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gamma-cleavage-independent functions of presenilin, nicastrin, and Aph-1 regulate cell-junction organization and prevent tau toxicity in vivo.

Research paper by Laura E LE Doglio, Ritu R Kanwar, George R GR Jackson, Mar M Perez, Jesús J Avila, Colin C Dingwall, Carlos G CG Dotti, Mark E ME Fortini, Fabián F Feiguin

Indexed on: 06 May '06Published on: 06 May '06Published in: Neuron



Abstract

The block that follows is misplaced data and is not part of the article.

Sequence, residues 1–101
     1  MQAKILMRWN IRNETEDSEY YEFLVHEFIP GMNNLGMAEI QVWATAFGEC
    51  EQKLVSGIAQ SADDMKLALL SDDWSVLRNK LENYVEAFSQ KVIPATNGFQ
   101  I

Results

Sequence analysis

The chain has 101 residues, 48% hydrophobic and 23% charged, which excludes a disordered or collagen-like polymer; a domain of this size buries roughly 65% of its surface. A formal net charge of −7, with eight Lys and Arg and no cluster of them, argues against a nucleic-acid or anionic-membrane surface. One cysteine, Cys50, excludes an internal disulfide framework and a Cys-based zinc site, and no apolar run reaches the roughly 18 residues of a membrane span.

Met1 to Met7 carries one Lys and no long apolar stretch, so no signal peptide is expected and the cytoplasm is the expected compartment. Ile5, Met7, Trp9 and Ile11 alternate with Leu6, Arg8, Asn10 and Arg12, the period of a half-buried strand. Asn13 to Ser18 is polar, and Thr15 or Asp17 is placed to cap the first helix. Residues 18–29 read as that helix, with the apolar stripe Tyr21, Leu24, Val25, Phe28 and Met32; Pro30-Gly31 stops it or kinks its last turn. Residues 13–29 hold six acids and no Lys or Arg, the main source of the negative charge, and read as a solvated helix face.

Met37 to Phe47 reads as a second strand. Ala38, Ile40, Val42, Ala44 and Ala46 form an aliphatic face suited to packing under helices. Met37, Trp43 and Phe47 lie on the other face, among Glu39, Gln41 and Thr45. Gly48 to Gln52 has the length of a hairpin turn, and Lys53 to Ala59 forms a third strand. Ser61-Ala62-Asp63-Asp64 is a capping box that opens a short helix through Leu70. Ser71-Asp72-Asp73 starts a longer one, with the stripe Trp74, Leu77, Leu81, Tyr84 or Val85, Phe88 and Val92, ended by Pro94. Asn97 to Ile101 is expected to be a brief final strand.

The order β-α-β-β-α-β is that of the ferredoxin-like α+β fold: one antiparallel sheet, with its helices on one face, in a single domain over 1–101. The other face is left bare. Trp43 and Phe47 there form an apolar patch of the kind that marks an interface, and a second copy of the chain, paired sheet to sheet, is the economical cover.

Genetic analysis of familial Alzheimer's disease has revealed that mutations in the gamma-secretase enzyme presenilin promote toxic Abeta secretion; however, presenilin mutations might also influence tau hyperphosphorylation and neurodegeneration through gamma-secretase-independent mechanisms. To address this possibility and determine whether other components of the gamma-secretase complex possess similar regulatory functions, we analyzed the roles of presenilin, nicastrin, and aph-1 in a Drosophila model for tau-induced neurodegeneration. Here, we show that presenilin and nicastrin prevent tau toxicity by modulating the PI3K/Akt/GSK3beta phosphorylation pathway, whereas aph-1 regulates aPKC/PAR-1 activities. Moreover, we found that these transmembrane proteins differentially regulate the intracellular localization of GSK3beta and aPKC at cell junctions. Inhibition of gamma-secretase activity neither interfered with these kinase pathways nor induced aberrant tau phosphorylation. These results establish new in vivo molecular functions for the three components of the gamma-secretase complex and reveal a different mechanism that might contribute to neuronal degeneration in Alzheimer's disease.